4- Fields of Green? Infrastructures and Environmental Consequences of Live Music - Matt Brennan, University of Glasgow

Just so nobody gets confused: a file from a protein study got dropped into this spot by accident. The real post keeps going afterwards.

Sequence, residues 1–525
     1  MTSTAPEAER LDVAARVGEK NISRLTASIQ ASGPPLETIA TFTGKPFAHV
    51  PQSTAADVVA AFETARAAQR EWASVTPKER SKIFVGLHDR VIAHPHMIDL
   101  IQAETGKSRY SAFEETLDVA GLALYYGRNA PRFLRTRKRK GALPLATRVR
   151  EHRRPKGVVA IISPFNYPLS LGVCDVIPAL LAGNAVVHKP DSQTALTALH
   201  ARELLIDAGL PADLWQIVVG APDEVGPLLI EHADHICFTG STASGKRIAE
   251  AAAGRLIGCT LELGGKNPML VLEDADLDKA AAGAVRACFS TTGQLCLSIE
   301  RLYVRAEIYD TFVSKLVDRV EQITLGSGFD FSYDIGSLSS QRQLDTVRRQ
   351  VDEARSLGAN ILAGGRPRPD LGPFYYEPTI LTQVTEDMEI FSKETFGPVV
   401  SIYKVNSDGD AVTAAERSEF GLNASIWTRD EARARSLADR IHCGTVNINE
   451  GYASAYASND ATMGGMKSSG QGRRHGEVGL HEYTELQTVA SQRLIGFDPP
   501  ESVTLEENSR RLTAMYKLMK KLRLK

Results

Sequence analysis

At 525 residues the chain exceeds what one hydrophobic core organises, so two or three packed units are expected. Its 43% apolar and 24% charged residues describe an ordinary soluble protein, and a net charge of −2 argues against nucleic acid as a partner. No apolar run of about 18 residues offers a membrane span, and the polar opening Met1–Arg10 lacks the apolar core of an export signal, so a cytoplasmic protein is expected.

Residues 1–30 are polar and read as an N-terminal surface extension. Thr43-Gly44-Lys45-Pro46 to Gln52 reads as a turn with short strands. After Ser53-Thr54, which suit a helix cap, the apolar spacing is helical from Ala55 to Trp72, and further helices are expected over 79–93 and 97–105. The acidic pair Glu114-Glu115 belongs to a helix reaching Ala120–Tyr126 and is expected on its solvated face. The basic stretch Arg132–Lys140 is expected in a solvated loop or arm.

In a report by the UK cultural sector’s leading environmental consultancy, the sale of music products and live music performances to UK consumers was said to generate approximately 540,000 tonnes of greenhouse gas equivalents per year. The live music sector (together with audience travel) was the biggest culprit, accounting for 75 percent of the UK music industry’s greenhouse gas emissions. These figures stand in stark contrast to the branding of music events as sites where alternative ideas of community are performed, especially those related to transient, socially conscious utopian cities (e.g. Glastonbury). Given this tension, I investigate how actors in Britain’s live music industry—made up of artists, audiences, and organizers—perceive and address climate change and sustainability, one of the most urgent problems facing the wider global community.The live music industry relies a complex supporting infrastructure, including the regulations and policies that govern musical performance and the sale of alcohol; the ancillary industries for live music developed since the 1970s, such as trucking, lighting and sound, catering, and merchandise; and the technologies used by musicians in live performance.The argument here is that the infrastructures at play in the production of live music are often directly at odds with the escapist ideology found in live music performances as cultural events. I conclude by consideringthe relationship between the infrastructures of live music events and the temporary communities that are formed (or not formed) at those events, as well as how they engage in (or ignore) debates and actions surrounding the challenge of environmental sustainability.